Link up with our hosts Heather and Megan

12 comments:

Regina said...

I am so proud of you for this post. It is an ugly reality of this world and sin within it. I feel so fortunate that we had examples of hard work, excellence and understanding that 100% is not enough.

Without going into a political rant, that belongs on another blog. I'm sad that the first Black president has created more not less pain because he had no business being in office in the first place (AND RACE HAS NOTHING TO DO WITH THAT - QUALIFICATION AND EXPERIENCE, PEOPLE!).

Boomer will learn and thrive because she has a family who loves her and will help her navigate this world with God's guidance.

callie ;) said...

i second regina's post about how boomer will learn and thrive because of YOU and the example you and your mother set for her. good on you for being people she can look up to.

it devastates me that people still harbor these thoughts today. i will never understand people who are biased against others solely because of the way they look.

now, unruly kids in restaurants...i can understand hating on that. hehe. ;)

Lindsay said...

AMEN!

xx BHB said...

There's a song from South Pacific called "You've Got To Be Carefully Taught". The words are ringing so sadly true after reading your beautiful post. Nobody is born prejudiced or full of hate.



You've got to be taught To hate and fear,
You've got to be taught From year to year,
It's got to be drummed In your dear little ear,
You've got to be carefully taught.


You've got to be taught to be afraid
Of people whose eyes are oddly made,
And people whose skin is a diff'rent shade,
You've got to be carefully taught.


You've got to be taught before it's too late,
Before you are six or seven or eight,
To hate all the people your relatives hate,
You've got to be carefully taught!

Nicole said...

I'm so sorry you had to deal with that! Unfortunately so many people these days think it's acceptable to be an ignorant asshole. Sounds like you're doing an awesome job with the daughter, keep it up! :)

beckyj @ A Lazy Crazy Life said...

Wow, I'm so sorry, especially since your daughter had to learn an unfortunately harsh reality at such a young age :( But it sounds like you and your mom handled it well. Teachable moment, indeed. Good for you!

Karen Peterson said...

I think it's hard for me to understand that these things still happen because I grew up in Southern California. I know we still have race issues here, too, but they're totally different from other places.

I have been in situations, though, where I was in a neighborhood or whatever and got the stares or the negative treatment because I was "peach", so I have a tiny, tiny, tiny smidgen of understanding what that feels like. It's very uncomfortable and I wish no one had to experience it anywhere.

Heather @ Cookies For Breakfast said...

And I cried.

I honestly have no words. This is the most touching post ever, and I cannot even gather myself to explain how I feel. I am sickened beyond belief that this happens in this day in age - and especially, to a friend. And a child. I just don't understand. I think I was naive enough to think stuff like this didn't happen anymore. I mean, I've seen awful graphics like the ones you show here, and heard people making racist jokes/comments before, but I never ever would have thought people would act like THAT to another person, let alone in front of an innocent (and adorable) child. It is just unconscionable and disgusting. Like, people actually BELIEVE this sh**? That it actually matters what someone LOOKS like on the outside? And that's a reason to judge them?!?!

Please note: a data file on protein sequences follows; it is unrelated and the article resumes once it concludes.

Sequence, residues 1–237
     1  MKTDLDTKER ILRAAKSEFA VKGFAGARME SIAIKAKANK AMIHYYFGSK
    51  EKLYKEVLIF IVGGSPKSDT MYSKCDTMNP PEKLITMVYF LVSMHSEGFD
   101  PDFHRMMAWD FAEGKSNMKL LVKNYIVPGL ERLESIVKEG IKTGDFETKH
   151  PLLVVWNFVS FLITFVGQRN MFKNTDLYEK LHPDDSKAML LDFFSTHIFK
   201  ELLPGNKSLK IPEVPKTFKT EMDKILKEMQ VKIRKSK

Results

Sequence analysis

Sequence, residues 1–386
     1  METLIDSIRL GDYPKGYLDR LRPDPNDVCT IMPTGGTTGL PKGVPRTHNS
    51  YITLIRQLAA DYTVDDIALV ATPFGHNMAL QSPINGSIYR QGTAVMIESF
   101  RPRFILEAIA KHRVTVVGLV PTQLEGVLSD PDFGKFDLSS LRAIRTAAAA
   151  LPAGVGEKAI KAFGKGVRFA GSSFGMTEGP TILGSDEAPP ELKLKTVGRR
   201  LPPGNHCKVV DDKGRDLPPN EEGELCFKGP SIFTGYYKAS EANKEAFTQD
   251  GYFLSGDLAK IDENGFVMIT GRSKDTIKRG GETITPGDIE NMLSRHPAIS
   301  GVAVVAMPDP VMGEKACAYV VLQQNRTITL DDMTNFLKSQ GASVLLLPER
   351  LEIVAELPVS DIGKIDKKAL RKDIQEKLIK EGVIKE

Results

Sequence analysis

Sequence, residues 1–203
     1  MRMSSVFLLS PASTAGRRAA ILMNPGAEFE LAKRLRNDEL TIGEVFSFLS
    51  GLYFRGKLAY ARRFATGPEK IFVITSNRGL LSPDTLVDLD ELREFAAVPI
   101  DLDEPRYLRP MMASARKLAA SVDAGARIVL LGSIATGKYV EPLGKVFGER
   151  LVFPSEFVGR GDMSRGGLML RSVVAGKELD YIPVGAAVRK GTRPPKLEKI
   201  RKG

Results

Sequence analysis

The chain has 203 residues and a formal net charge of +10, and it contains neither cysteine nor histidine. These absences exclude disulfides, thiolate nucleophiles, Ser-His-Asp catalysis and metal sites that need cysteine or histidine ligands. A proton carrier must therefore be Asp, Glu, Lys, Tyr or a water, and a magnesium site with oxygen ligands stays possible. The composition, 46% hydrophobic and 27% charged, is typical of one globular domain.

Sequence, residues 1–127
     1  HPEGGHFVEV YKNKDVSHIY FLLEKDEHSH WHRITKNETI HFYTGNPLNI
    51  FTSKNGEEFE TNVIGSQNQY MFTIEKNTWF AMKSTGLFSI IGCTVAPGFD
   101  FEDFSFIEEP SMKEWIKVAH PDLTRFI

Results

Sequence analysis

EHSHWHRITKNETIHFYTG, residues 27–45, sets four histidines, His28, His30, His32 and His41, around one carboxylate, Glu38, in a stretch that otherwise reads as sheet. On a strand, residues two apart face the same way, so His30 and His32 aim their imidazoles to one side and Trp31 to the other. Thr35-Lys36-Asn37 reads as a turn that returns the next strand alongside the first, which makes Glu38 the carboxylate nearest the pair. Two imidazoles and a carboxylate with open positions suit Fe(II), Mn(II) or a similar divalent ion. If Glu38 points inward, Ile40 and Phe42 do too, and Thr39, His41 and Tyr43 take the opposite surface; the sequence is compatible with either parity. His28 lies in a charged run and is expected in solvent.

I am so sorry, beyond sorry, that you and your mom and Boomer had to experience this. It's wrong on every possible horrible level. Like you said to your "peeps" about getting it together, I'd like to say that to mine. These are an embarrassment to the human race.

Hugs.

Consider Me Lovely said...

It breaks my heart that your daughter had to observe the ignorance of the couple in the restaurant. In 2013, I'd like to think that if I have children they won't have to deal with being followed around in the store or ill treated by strangers simply because of their skin color. However, it is 2013, and racism still exist. People who have been taught racist ideals just do a better job of hiding it than they did 40 years ago. I'm glad that your mother was there to help in that teachable moment, as we must teach our children about the positives and negatives of the world in a beneficial manner. I really appreciate your courage to share this incident!

Gracey at Fashion for Giants said...

This was wonderful to read but sad as well. I am mixed black and white & clearly remember incidents like this from my childhood. Back then biracial couples and children were more rare (my sisters and I and one other boy in the whole school through high school) & we definitely received comments and looks. I don't have kids of my own so I wasn't aware how it currently was. I guess I was hoping the world had matured since then. I'm sad that it hasn't.

KaitlynPierce said...

As a new mom this was powerful to read. I just had a discussion with my husband tonight about tolerance and respecting people's differences and how important it is that our daughter learns this. Thankfully your daughter has a mother that will teach her these things as well. Thank you for sharing :)

Francesca Edesia said...

You won't believe it but there is a lot of racism here in Sicily too. My husband is Japanese and Sicilians so open-minded as you can imagine. I was born here and I'm half-Sicilian (the other half is Russian) but they still look at me funny. By the way, don't worry, I am not insulted, on the contrary I am flattered. You thought I'm the 40s. No, I'm much older than that...I'm 61. Thank you for stopping by. I am following you immediately. Happy easter!